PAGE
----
But it’s who you become in those valleys, on those hardest of climbs that shows you who you are, the valleys teach you more about yourself than the peak does. The peak is incredible, an amazing feeling of what’s possible and who you are, what you can do and create and what you’re capable of.
But it’s in the push through, the pain, the sickness, the fear, the doubt that one walks through on the valleys and in the steepest of climbs that makes the view from the top incredible.
Most of us want the peak to last forever, we don’t want steep inclines and declines and we don’t want valleys. But that’s not life. There will always be problems but the question is what kind of problems do you have?
Most people I work with are recycling the same problems, the same year over and over again and calling it life while desperately seeking life, more life, more energy, more experiences, less boredom and less drama.
And what I’ve learned through climbing my own metaphorical and physical mountains is the people we have along the way matters most.
The people in our tribe are critical to if and how we climb the mountains we are presented with. We are all pushing boulders up mountains on a daily basis and we can either enjoy it or hate it. I’ve found the people you’re climbing with, the people guiding you and your own perspective are all critical to loving or hating your climb.
Having people who discourage you, disempower you, don’t understand you, hold you back makes for a horrible journey. You might be committed to getting to the top but when your team, your guides, your people are telling you that you can’t, complaining, calling you crazy, you’re pushing harder than you need to in order to prove yourself.
One of the most common things I hear from the people I work with is feeling unsupported, unheard and unseen by family and friends and shrinking into themselves, giving up on their hopes and dreams because someone else doesn’t support it. They give up on their mountains because those around them do not support them.
Often we have to look around and realize there are many other people climbing mountains who love it. They are encouraging, empowering, supportive. They want to see you win your mountains as they are winning their own. They know how hard the climb is and they are waiting to high 5 along the way. They encourage you through the valleys and the hardships.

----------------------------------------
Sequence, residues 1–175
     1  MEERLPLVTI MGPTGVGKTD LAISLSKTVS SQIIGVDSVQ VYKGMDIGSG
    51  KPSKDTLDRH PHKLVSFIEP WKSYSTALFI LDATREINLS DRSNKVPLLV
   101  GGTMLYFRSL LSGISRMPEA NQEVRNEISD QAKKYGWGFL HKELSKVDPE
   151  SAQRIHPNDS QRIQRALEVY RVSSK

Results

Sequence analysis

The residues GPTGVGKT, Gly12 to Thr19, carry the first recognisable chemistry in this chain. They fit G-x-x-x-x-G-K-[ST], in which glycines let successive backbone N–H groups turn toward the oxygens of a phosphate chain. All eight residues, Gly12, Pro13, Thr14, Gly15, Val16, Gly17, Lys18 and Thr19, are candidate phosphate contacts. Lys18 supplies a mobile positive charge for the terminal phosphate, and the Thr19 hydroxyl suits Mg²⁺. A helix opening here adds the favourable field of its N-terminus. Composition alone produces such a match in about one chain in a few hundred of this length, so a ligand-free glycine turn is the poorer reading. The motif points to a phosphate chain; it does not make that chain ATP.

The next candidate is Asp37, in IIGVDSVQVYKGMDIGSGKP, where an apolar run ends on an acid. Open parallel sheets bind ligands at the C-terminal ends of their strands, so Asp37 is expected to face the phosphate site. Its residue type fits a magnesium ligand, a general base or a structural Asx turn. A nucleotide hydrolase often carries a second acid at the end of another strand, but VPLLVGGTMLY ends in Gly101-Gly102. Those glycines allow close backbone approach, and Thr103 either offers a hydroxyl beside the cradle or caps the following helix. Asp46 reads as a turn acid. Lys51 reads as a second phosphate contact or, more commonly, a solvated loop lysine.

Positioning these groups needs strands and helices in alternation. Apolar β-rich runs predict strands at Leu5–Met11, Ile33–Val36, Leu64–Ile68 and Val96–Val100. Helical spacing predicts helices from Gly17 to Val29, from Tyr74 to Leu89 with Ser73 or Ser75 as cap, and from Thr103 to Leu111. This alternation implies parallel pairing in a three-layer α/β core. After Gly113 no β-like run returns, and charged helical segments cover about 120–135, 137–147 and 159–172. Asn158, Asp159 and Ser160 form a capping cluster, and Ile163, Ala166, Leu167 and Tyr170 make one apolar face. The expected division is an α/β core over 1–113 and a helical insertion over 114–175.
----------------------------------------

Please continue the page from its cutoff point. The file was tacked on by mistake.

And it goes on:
And you get to do the same for them.
As we trekked Salkantay Mountain this time, I was still aware of my underlying health issues, but I came this time to conquer it. I think our failures, the things we don’t get right, the things we fuck up, the things we feel are unfinished are our greatest motivators. We can go home and give up or we can go home and prepare.
I went home and prepared.
And this time the team I had in guides and the people along the path with us, from the group that came with me to the new people we met along the way formed a bond that is unbreakable as each person encouraged, celebrated and supported each other.
But still, the trek is still personal. How you approach the climb is critical. If you think you can’t, you won’t. If you think you can, you will. Simple but true. How we approach life is the same. If we live in the negative, fear and doubt it will become our truth. If you feel the fear and do it anyway, you will build your resilience and inner power.
Climbing mountains literally helps us develop our inner strength, shows us who we are and what we’re capable of. It forces us to dig deep and find something we didn’t even know we had inside of us.
Once we do that, the metaphorical mountains we climb become easier.
Stay Wild & Climb High!
PS… giving a massive shout out to Javier & Hermo of the Salkantay Trekking Company for their endless encouragement, motivation and support along the trail. And to the incredible men and women who joined me on the trek. The bond we formed along the path was undenial and incredible!